U.S. Pat. No. 3,725,248 describes a series flow reactor system in which all reactors remain on stream during a reforming process. Each reactor contains an annular dense-phase moving bed of catalyst particles and a catalyst collector. The catalyst is processed through the reactor system counter-current to the direction of reactant flow. Fresh or regenerated catalyst is charged to the top of the reactor. A like quantity of partially spent catalyst is withdrawn from the bottom of each reactor and is added to the adjacent upstream reactor after regeneration. Thus, unlike the present invention, in which the age distribution of the particles within the reactor is substantially uniform, the age distribution in this plug-flow catalyst system is very old spent catalyst on the bottom with fresh catalyst being fed into the top. Because the catalyst is fed through the reactor linearly, in a plug-flow arrangement, it is necessary to regenerate the catalyst before introducing it to the subsequent reactors.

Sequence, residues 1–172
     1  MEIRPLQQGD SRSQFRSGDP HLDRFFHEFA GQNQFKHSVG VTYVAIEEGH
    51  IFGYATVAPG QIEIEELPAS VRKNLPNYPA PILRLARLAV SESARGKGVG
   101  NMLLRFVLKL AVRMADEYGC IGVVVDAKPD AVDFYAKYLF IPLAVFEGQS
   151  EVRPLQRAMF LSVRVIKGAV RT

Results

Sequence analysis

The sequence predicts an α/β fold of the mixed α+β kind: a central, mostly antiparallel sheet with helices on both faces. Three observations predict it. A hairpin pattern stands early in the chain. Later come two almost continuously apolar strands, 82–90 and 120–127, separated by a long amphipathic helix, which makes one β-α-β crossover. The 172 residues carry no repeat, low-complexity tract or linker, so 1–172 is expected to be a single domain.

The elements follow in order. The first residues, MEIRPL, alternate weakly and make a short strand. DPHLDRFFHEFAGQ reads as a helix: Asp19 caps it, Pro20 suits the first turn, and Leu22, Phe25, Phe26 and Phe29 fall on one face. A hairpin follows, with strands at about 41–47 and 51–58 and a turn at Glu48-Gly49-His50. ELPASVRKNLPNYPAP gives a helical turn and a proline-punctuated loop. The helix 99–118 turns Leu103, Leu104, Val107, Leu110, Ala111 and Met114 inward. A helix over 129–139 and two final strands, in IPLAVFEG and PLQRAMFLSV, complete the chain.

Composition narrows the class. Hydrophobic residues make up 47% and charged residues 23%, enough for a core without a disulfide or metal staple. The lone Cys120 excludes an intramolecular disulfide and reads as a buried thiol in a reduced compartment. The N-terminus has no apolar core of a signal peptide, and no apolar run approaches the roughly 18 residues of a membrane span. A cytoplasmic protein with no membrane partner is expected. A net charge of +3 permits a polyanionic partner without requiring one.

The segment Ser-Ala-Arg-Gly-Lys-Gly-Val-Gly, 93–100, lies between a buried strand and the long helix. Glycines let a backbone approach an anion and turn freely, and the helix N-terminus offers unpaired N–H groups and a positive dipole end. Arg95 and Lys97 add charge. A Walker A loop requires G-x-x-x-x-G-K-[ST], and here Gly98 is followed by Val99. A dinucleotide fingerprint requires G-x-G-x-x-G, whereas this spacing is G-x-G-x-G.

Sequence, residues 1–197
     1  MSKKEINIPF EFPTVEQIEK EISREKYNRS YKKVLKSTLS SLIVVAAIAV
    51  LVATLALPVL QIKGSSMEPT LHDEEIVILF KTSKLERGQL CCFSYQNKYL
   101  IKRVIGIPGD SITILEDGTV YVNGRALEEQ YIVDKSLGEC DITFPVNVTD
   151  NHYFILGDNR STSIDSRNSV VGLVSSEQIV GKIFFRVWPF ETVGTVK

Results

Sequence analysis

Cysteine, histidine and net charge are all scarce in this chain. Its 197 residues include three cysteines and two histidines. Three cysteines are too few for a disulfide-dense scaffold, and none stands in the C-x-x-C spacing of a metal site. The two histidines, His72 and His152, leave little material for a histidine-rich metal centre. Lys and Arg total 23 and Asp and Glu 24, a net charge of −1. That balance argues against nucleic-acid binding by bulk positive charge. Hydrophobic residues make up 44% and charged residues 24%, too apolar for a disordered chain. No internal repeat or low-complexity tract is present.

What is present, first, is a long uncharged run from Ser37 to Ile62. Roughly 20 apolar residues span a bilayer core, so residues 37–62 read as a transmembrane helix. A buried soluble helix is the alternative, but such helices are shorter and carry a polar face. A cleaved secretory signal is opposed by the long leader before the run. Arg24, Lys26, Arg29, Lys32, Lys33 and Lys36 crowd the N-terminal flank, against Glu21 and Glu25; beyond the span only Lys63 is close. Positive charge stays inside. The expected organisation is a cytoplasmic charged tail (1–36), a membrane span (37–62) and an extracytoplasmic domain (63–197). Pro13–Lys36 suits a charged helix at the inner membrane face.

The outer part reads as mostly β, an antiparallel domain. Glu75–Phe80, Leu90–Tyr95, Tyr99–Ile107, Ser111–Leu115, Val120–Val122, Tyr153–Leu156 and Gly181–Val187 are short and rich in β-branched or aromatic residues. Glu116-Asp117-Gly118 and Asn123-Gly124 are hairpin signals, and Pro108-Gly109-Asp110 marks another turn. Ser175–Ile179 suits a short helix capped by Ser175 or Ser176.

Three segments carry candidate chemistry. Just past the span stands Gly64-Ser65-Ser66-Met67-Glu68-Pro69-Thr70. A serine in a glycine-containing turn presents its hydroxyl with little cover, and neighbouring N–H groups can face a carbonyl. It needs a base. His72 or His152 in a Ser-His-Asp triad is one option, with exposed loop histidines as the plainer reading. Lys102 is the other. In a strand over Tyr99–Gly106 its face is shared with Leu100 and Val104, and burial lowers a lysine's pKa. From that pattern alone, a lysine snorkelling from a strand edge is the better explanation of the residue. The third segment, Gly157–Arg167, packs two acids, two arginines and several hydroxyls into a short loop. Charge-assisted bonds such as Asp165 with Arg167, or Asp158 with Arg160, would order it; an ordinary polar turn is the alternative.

U.S. Pat. No. 5,733,440 describes a method for on-stream catalyst replacement during hydroprocessing of a hydrocarbon feed stream. Hydrogen gas and hydrocarbon liquid are introduced at a rate insufficient to levitate or ebulliate the catalyst bed. The substantially packed catalyst bed continually flows in a plug-like manner downwardly through the reactor vessel. Fresh catalyst is introduced at the top of the catalyst bed by laminarly flowing the catalyst in a liquid stream on a periodic or semicontinuous basis. Catalyst is similarly removed by laminarly flowing catalyst particles in a liquid stream out of the bottom of the catalyst bed. The rate at which catalyst is removed from the reaction zone, and the rate of catalyst replacement to the reaction zone, is established by a number of economic and operating factors, which include maintaining a desired average level of catalytic upgrading activity. Withdrawal of about 10–25 weight percent of the catalyst at a time from the bottom of a non-ebulliated catalyst bed, and replacement with fresh catalyst at the top of the bed, is described.